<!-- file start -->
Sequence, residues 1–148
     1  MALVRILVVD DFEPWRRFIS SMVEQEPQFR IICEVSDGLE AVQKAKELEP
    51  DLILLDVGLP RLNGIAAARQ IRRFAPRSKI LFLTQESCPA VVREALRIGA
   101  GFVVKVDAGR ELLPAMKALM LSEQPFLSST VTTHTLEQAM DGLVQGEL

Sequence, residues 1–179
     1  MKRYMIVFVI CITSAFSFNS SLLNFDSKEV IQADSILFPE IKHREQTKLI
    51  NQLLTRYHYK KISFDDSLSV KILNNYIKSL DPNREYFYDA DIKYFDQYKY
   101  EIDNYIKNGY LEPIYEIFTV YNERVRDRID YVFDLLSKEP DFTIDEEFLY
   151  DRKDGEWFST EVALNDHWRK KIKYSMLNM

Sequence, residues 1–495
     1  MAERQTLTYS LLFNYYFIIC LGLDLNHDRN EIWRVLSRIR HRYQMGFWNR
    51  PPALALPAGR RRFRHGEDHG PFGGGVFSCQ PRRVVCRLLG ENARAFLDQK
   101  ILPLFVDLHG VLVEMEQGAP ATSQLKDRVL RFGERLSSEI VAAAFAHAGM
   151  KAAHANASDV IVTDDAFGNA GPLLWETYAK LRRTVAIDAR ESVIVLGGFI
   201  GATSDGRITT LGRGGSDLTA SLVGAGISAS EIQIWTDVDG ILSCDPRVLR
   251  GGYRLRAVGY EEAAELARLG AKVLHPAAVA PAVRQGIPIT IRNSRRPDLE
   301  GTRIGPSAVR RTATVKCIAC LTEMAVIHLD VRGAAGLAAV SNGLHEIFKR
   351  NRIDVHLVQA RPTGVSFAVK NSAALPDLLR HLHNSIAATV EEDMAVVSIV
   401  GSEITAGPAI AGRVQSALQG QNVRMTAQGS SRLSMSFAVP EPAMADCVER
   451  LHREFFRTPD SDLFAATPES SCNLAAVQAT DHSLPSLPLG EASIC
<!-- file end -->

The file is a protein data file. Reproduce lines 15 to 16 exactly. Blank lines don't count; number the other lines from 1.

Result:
   201  GATSDGRITT LGRGGSDLTA SLVGAGISAS EIQIWTDVDG ILSCDPRVLR
   251  GGYRLRAVGY EEAAELARLG AKVLHPAAVA PAVRQGIPIT IRNSRRPDLE